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Dogology: Pet Problems, Jealousy Between Dogs and Pets Health Care

Updated on February 22, 2011

Dogology: Pet Problems, Jealous Dogs and Pets Health Care

Successful Pet Care – Our Wonderful Dogs and their Jealous Moments

What is in this article:

· Do animals have emotions

· Scientific research on jealousy and dogs

· Signs of Jealousy in dogs and pet problems

· What you can do about dog jealousy and pet care

· Can dogs be jealous?

You bring home a new pet and your dog snarls, growls and becomes aggressive towards the newest addition to the family. You bring home the person you have been dating for a while and your dog nuzzles in between the two of you, trying to make sure you can’t be close to each other. You bring a new baby home and your dog’s behavior turns lethargic and refuses to eat. You become concerned about your pet’s well being. What do these scenarios have in common? Your canine companion is showing signs of jealousy.

Dogs Have a Fear of Losing Their Place in the Family

Scientific Studies

Scientific research has proven that dogs are jealous beings. It was once thought that only humans and chimpanzees could experience jealousy because, it was believed that only primates could feel complex emotions. In recent years, there have been two separate studies, one by a psychologist, Dr. Paul Morris, and the other by a neurobiologist, Dr. Frederike Range. Dr. Morris and Christine Doe showed that dogs feel love and dogs feel jealousy after they did a study involving 1000 domestic pet owners. 80% of the dog owners over and over again reported jealous reactions by their pets. Often dog owners stated that their canine friends intentionally invited themselves between the couple when they were together. Dr. Morris stated that “dogs tended to try to get their owners away from a new lover in the early days of a relationship.” It was originally believed that pets only had primary emotions like love, anxiety, anger, and surprise. Examples of secondary emotions include embarrassment, jealousy, empathy, and guilt. Secondary emotions take a certain amount of intelligence to process these feelings. Erroneously, it used to be believed that dogs did not have this additional level of emotion. But now studies have shown that emotionally healthy pets have a range of emotions.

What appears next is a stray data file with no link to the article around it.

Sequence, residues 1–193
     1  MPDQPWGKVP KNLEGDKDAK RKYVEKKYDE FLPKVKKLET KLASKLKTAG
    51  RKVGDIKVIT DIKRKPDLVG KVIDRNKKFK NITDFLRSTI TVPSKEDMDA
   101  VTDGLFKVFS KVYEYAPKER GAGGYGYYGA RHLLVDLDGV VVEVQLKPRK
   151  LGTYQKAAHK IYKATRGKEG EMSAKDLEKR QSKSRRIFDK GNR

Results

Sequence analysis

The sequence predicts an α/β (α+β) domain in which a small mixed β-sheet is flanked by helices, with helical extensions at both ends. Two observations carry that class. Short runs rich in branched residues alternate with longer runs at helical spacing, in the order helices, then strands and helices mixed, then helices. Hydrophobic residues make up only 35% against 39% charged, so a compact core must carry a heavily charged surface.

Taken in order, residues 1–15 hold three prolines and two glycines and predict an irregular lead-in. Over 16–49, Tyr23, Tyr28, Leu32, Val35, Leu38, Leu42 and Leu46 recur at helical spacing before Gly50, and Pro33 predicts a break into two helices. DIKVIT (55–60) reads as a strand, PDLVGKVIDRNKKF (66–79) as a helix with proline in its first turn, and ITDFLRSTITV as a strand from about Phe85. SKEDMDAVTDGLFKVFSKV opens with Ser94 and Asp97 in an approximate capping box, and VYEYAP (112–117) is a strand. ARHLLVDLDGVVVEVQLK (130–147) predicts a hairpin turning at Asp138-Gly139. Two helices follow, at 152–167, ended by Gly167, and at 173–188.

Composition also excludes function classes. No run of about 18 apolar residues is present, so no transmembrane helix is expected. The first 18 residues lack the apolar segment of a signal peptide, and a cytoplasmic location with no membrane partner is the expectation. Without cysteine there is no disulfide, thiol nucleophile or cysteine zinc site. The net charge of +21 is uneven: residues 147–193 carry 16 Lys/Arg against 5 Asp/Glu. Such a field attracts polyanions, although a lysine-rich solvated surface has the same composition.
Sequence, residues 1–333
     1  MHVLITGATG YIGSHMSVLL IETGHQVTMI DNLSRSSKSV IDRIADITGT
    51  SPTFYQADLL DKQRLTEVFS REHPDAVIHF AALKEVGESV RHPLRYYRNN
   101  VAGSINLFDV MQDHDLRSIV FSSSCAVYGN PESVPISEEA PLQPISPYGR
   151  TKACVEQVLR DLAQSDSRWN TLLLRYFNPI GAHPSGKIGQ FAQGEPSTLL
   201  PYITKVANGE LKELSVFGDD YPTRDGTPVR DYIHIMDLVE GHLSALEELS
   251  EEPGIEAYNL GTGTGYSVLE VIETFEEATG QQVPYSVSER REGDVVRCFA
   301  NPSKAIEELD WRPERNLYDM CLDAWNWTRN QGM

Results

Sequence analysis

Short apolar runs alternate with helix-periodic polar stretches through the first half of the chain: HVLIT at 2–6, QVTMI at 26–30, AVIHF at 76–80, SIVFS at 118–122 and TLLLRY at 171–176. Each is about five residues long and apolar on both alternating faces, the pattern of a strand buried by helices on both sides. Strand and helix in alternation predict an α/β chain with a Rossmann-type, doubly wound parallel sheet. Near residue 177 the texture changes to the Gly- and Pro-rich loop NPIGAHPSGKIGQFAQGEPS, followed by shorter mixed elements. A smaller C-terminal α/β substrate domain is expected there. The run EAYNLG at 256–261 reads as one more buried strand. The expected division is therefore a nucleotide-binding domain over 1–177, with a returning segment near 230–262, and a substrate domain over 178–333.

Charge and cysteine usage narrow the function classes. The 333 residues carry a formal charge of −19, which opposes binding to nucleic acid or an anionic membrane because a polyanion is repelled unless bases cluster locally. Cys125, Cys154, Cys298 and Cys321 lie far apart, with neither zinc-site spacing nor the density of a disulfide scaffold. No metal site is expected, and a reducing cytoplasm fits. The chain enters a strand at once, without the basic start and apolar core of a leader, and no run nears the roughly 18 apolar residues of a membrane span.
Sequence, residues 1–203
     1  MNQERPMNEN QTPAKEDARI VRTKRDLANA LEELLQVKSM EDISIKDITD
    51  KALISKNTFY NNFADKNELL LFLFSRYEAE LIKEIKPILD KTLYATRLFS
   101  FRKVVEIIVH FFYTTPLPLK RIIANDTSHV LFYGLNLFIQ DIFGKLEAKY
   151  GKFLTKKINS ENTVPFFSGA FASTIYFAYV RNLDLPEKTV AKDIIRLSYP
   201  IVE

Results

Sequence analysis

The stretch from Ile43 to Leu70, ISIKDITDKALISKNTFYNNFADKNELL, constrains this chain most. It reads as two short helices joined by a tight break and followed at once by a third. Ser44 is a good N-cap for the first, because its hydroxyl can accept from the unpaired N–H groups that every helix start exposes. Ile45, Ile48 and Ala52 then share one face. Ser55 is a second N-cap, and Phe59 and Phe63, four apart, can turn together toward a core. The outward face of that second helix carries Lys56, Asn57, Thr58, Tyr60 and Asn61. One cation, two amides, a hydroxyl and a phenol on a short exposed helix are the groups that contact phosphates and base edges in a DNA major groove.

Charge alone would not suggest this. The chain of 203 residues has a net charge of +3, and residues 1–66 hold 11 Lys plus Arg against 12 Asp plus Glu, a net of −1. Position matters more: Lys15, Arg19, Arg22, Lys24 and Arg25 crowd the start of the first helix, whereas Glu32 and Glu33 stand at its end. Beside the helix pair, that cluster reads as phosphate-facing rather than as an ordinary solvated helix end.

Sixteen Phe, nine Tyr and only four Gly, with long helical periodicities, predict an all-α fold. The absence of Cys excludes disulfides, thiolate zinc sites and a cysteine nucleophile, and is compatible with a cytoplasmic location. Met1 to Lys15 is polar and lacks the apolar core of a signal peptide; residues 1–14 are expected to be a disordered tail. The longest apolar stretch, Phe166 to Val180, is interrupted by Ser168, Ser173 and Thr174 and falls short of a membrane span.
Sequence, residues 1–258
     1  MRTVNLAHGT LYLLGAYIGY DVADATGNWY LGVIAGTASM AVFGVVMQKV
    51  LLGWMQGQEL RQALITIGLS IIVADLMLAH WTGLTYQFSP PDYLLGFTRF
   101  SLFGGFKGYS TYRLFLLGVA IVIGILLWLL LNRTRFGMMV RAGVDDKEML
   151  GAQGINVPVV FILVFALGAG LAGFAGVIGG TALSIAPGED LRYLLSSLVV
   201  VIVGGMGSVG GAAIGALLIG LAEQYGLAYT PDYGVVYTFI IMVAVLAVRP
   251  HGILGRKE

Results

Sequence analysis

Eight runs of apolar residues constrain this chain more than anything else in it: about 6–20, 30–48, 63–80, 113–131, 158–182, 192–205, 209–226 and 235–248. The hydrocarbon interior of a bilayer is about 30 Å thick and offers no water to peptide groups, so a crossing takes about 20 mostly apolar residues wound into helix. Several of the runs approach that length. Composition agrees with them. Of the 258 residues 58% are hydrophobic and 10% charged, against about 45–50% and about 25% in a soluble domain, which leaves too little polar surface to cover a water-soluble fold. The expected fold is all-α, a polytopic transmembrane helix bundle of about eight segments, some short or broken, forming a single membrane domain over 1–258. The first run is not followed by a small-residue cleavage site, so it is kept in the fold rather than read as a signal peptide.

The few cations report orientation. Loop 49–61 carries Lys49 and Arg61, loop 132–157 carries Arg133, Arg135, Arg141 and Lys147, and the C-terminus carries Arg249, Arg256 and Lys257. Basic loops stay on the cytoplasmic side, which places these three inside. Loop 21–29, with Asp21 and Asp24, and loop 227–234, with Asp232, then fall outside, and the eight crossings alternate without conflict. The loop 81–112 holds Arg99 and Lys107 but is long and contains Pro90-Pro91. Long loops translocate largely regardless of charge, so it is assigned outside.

Dr. Morris’ research showed proof that there is a big span of emotions including jealousy, pride, and guilt in domestic animals, including rabbits, sheep, cows, cats, pigs, horses, and hamsters. He stated “animals have rich emotional lives. He believes dogs feel the emotion of jealousy more often and with greater intensity. Cats too, will elicit signs of jealousy. If a new baby arrives in the family, it has been noted that the family cat will attempt to sleep on the baby’s furniture and try more often to sit on the owner’s lap than they previously had done before.

Dogs have fears of losing their place in the family